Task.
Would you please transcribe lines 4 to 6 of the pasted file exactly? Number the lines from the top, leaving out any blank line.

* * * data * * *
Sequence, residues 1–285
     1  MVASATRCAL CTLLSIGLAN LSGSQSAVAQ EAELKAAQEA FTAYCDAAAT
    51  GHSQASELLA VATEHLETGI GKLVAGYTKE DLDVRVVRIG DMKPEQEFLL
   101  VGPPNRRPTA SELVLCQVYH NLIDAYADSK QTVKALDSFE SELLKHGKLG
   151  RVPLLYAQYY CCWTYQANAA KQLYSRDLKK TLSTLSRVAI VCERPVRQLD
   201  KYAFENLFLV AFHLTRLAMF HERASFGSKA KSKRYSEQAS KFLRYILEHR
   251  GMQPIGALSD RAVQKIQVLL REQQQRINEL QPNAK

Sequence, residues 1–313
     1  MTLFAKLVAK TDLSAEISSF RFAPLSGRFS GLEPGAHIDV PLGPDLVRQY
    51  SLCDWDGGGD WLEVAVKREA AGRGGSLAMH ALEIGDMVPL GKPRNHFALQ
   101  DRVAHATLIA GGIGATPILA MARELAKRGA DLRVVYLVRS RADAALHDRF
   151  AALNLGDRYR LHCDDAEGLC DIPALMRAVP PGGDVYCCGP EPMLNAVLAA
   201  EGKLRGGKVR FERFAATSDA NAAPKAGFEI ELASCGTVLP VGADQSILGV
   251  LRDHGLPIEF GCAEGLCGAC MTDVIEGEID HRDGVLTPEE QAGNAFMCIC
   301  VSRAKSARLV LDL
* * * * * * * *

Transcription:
   101  VGPPNRRPTA SELVLCQVYH NLIDAYADSK QTVKALDSFE SELLKHGKLG
   151  RVPLLYAQYY CCWTYQANAA KQLYSRDLKK TLSTLSRVAI VCERPVRQLD
   201  KYAFENLFLV AFHLTRLAMF HERASFGSKA KSKRYSEQAS KFLRYILEHR